Bland in nearly every case means not enough salt. But the opposite or too much salt is worse, since it is usually easier to adjust for bland than salty. One of the greatest cooking skills you should work on is adjusting your seasoning depending on your tastes. You should get used to tasting your food throughout the cook time, and then add (normally) salt and pepper incrementally as required. Also get a general idea of how much salt you need to season a dish. For example, when I make soup it usually ends up being 2 1/2 to 3 quarts total - 1 1/2 to 2 teaspoons of salt is usually enough to season that to my taste, although I often add other salty seasonings like instant broth or Worcestershire sauce, which you should also take into consideration.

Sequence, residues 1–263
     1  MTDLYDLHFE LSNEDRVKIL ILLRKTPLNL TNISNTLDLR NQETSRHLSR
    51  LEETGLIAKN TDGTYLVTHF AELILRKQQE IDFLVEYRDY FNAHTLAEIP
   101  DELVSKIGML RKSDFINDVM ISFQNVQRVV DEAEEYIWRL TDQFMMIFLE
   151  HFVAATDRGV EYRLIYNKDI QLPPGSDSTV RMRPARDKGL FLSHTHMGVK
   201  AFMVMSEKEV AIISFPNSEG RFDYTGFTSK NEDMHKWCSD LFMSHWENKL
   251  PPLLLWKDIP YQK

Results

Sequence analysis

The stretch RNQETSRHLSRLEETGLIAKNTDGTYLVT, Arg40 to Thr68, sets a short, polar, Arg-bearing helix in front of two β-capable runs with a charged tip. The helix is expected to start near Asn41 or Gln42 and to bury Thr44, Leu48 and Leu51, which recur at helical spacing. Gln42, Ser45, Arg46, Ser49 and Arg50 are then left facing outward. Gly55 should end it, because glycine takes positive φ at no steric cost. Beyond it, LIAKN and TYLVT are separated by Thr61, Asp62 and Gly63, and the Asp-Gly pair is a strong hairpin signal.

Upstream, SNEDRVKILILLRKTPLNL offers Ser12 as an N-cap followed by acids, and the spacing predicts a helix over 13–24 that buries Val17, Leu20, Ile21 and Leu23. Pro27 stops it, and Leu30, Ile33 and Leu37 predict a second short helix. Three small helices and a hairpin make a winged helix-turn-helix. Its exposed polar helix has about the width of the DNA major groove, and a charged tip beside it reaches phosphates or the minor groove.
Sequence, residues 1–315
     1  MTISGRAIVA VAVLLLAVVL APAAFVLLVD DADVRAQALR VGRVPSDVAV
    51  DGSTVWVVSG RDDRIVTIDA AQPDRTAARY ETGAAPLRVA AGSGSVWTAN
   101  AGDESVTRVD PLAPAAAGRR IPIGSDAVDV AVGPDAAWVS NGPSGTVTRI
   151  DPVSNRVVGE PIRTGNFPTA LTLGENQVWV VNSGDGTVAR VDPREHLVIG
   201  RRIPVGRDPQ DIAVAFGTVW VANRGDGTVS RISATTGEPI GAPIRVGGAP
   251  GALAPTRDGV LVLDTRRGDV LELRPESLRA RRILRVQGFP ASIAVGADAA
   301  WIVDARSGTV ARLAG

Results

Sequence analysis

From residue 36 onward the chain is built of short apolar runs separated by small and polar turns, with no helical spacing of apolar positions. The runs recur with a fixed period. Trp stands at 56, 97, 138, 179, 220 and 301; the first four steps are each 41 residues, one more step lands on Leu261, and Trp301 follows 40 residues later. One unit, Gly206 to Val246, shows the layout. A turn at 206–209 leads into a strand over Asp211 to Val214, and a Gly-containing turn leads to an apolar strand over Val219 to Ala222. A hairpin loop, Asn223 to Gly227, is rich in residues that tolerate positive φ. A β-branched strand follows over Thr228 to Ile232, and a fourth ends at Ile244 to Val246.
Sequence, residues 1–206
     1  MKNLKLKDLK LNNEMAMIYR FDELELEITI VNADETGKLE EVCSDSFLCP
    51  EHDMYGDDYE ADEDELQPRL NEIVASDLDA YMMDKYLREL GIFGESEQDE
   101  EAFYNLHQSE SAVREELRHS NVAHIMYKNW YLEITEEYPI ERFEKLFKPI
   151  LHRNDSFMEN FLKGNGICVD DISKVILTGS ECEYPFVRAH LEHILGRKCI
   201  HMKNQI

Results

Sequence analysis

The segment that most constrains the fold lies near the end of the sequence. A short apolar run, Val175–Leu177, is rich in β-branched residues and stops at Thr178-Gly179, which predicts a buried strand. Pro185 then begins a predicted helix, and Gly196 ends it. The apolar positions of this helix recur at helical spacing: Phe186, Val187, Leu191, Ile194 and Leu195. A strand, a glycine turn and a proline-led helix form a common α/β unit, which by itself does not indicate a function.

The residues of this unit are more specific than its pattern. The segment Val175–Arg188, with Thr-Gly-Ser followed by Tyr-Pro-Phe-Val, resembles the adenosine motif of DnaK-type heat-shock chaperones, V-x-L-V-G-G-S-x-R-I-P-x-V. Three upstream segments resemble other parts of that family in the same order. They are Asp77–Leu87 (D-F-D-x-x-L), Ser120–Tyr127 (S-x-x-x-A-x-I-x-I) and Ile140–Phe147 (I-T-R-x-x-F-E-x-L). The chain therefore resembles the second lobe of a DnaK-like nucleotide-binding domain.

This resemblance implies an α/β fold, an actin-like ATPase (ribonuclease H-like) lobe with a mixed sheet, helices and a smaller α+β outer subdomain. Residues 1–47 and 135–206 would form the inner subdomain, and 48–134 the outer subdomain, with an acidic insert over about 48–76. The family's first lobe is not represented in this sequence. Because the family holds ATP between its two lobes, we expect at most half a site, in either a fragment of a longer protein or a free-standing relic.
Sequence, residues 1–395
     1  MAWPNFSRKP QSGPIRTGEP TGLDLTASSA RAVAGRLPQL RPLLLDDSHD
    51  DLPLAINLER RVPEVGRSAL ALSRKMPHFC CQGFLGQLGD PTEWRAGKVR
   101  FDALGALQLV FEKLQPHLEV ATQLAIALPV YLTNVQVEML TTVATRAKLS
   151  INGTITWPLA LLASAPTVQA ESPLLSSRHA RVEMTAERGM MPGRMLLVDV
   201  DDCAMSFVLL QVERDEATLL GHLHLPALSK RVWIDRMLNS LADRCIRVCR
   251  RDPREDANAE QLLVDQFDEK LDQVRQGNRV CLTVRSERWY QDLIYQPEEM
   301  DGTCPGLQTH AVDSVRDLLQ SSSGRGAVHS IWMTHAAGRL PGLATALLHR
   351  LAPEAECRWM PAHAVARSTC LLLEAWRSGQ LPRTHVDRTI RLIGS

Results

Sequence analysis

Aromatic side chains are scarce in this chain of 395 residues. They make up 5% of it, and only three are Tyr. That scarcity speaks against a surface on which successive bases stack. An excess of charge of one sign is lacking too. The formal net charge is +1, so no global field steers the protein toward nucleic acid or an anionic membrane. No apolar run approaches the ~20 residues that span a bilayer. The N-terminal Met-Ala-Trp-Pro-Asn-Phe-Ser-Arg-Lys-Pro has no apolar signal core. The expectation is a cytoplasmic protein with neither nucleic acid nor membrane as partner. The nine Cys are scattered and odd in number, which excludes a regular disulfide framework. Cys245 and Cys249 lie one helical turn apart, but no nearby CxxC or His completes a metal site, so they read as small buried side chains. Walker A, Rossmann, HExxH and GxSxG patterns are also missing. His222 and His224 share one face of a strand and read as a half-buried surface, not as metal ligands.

Another key technique in adding at the least a greater depth of flavor is carmelization, or developing what is known as a "fond." This normally involves sauteeing onions and garlic or other vegetables, or browning meat, and then incorporating the remaining brown bits on the bottom of the pan into a sauce for the dish or the dish itself, such as a soup or curry. If you brown meat, also be sure to add any juices back into the dish that accumulate if you place them into a plate while sauteeing your vegetables as well. After sauteeing/browning, be sure to use a liquid like wine or only water in the pan and then scrape the bottom with your utensil and try to dissolve the fond into the liquid.